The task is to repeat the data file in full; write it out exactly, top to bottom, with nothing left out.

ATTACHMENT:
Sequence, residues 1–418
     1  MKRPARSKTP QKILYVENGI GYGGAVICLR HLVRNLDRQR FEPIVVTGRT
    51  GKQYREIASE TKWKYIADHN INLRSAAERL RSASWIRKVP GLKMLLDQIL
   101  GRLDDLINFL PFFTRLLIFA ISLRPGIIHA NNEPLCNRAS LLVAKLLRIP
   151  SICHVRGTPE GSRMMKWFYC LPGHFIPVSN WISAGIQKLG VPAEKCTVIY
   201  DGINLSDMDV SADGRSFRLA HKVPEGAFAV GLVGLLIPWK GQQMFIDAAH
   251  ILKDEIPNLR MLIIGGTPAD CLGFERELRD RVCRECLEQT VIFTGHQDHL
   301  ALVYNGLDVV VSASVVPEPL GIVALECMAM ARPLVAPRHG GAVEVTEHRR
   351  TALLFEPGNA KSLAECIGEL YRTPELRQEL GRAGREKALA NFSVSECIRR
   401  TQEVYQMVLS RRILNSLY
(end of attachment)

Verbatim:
Sequence, residues 1–418
     1  MKRPARSKTP QKILYVENGI GYGGAVICLR HLVRNLDRQR FEPIVVTGRT
    51  GKQYREIASE TKWKYIADHN INLRSAAERL RSASWIRKVP GLKMLLDQIL
   101  GRLDDLINFL PFFTRLLIFA ISLRPGIIHA NNEPLCNRAS LLVAKLLRIP
   151  SICHVRGTPE GSRMMKWFYC LPGHFIPVSN WISAGIQKLG VPAEKCTVIY
   201  DGINLSDMDV SADGRSFRLA HKVPEGAFAV GLVGLLIPWK GQQMFIDAAH
   251  ILKDEIPNLR MLIIGGTPAD CLGFERELRD RVCRECLEQT VIFTGHQDHL
   301  ALVYNGLDVV VSASVVPEPL GIVALECMAM ARPLVAPRHG GAVEVTEHRR
   351  TALLFEPGNA KSLAECIGEL YRTPELRQEL GRAGREKALA NFSVSECIRR
   401  TQEVYQMVLS RRILNSLY